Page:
January 24, 2016 / 5:49 AM / in 2 years

Cavs legs can't carry Lue's vision

Jan 23, 2016; Cleveland, OH, USA; Cleveland Cavaliers forward LeBron James (23) and Chicago Bulls guard Aaron Brooks (0) battle for the ball during the fourth quarter at Quicken Loans Arena. The Bulls won 96-83. Mandatory Credit: Ken Blaze-USA TODAY Sports

(Reuters) - New Cleveland coach Tyronn Lue has a vision of how he wants his team to play, the problem is the Cavaliers do not seem to have the legs for it.

An assistant to David Blatt, who was fired on Friday, Lue signed a multi-year extension to take over as head coach and began his tenure with a 96-83 loss to the Bulls on Saturday.

The Eastern Conference-leading Cavaliers (30-12) are heavy favorites to represent the conference again in this year's NBA Finals but there has been growing criticism over their form against the top teams in the West.

Cleveland have lost to both San Antonio and defending champions Golden State this month, with the Warriors handing them a crushing 132-98 defeat.

LeBron James, a four-time NBA Most Valuable Player, is the face of the Cavs franchise and widely viewed as a key factor in any coaching decisions made by the team, but he says he was "just as surprised" as his team mates when Blatt was fired.

Lue is determined to compete with the best in the West and wants James and Kyrie Irving to lead the charge.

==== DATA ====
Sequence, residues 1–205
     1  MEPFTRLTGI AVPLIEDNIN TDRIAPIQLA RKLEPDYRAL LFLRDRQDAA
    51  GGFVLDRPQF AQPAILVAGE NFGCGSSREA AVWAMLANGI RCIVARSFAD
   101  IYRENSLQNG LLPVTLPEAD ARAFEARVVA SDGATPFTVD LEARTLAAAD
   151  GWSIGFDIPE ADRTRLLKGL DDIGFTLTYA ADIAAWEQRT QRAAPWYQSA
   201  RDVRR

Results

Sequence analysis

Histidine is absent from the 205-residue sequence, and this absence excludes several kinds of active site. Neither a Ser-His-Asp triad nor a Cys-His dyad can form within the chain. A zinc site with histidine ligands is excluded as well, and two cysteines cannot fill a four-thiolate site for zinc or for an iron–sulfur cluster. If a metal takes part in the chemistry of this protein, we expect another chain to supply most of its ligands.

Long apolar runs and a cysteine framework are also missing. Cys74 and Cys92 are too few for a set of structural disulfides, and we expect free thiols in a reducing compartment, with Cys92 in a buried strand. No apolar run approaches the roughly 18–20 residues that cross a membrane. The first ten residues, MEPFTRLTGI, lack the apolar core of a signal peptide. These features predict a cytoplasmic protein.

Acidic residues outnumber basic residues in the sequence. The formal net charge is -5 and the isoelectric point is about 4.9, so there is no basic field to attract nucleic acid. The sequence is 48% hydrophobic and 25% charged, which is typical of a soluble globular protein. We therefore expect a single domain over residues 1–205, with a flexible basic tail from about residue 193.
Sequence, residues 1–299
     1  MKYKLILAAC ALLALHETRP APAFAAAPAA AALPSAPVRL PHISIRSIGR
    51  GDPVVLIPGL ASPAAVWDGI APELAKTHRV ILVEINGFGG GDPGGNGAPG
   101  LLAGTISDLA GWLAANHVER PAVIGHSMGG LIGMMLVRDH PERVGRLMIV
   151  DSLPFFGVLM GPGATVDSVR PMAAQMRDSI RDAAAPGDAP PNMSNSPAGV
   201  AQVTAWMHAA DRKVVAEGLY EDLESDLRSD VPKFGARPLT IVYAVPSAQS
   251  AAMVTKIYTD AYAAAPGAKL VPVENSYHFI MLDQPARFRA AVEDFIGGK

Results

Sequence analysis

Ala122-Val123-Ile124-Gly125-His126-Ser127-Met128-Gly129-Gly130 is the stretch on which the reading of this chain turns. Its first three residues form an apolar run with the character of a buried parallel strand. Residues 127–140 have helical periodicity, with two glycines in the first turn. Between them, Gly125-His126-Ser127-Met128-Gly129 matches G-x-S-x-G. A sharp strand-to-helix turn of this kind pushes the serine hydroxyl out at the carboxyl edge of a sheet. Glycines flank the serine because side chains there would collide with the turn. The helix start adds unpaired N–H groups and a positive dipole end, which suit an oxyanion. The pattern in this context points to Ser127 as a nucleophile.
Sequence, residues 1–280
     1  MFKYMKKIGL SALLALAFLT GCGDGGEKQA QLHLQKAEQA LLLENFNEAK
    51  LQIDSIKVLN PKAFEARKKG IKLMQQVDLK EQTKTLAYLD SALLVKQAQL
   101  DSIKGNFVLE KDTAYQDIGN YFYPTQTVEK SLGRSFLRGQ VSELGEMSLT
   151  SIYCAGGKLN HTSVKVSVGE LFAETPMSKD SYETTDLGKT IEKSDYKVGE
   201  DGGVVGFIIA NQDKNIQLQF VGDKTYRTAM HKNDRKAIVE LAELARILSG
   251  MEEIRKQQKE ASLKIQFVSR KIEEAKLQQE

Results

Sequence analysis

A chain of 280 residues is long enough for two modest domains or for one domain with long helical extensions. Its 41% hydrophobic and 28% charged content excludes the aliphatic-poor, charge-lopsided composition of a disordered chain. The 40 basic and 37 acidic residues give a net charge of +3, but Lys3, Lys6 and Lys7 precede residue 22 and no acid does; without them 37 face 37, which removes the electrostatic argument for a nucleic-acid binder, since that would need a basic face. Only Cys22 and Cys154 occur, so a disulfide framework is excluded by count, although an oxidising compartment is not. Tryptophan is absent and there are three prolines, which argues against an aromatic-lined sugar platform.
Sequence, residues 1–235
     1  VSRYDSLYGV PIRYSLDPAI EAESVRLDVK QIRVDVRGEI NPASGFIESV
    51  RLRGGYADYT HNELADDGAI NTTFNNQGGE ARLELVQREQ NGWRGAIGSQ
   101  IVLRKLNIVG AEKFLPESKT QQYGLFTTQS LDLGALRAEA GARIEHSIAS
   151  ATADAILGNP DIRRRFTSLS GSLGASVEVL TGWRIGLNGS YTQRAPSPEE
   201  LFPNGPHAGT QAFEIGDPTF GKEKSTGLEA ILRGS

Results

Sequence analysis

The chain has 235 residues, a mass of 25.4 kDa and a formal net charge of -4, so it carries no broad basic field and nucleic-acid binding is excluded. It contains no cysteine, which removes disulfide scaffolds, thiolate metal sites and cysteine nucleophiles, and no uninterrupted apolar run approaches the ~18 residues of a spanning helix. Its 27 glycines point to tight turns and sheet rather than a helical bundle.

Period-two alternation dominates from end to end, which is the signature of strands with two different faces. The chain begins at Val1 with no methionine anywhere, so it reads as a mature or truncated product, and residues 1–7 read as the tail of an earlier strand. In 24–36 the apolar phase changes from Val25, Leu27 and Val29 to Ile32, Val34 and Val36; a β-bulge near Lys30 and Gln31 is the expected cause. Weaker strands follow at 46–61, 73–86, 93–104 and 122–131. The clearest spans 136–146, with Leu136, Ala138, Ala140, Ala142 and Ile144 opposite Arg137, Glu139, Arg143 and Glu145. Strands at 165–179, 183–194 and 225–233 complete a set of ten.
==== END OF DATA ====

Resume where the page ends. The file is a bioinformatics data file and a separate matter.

First comes fitness, however.

"We’re not in good enough shape to play the style we want to play,” Lue told reporters after Saturday's loss to Chicago.

"We pushed it early. I think we got tired. (Some of our guys) came out early. That puts us in a tough position.

"I think we play the second slowest in the league as far as pace. The vision I have for this team is we have to utilize Kyrie and LeBron’s one-on-one ability in the open floor.

“We haven’t been accustomed to playing that way, it’s something new. I have to do a better job of getting guys in shape.”

The promotion of Lue, who appears to have a strong bond with the players, represents a change in team culture for the Cavaliers and he is pushing a 'team first' policy.

The Cavaliers now come onto the court for pre-game warm-up's as a full unit during home games, as opposed to players emerging individually. “What we needed was a connectedness to each other that we weren’t playing with,” Cavs general manager David Griffin said on Saturday.

“From a chemistry standpoint we were lacking a few things. We had a lack of connected spirit that was problematic for us.”

Writing by Jahmal Corner in Los Angeles; Editing by Peter Rutherford

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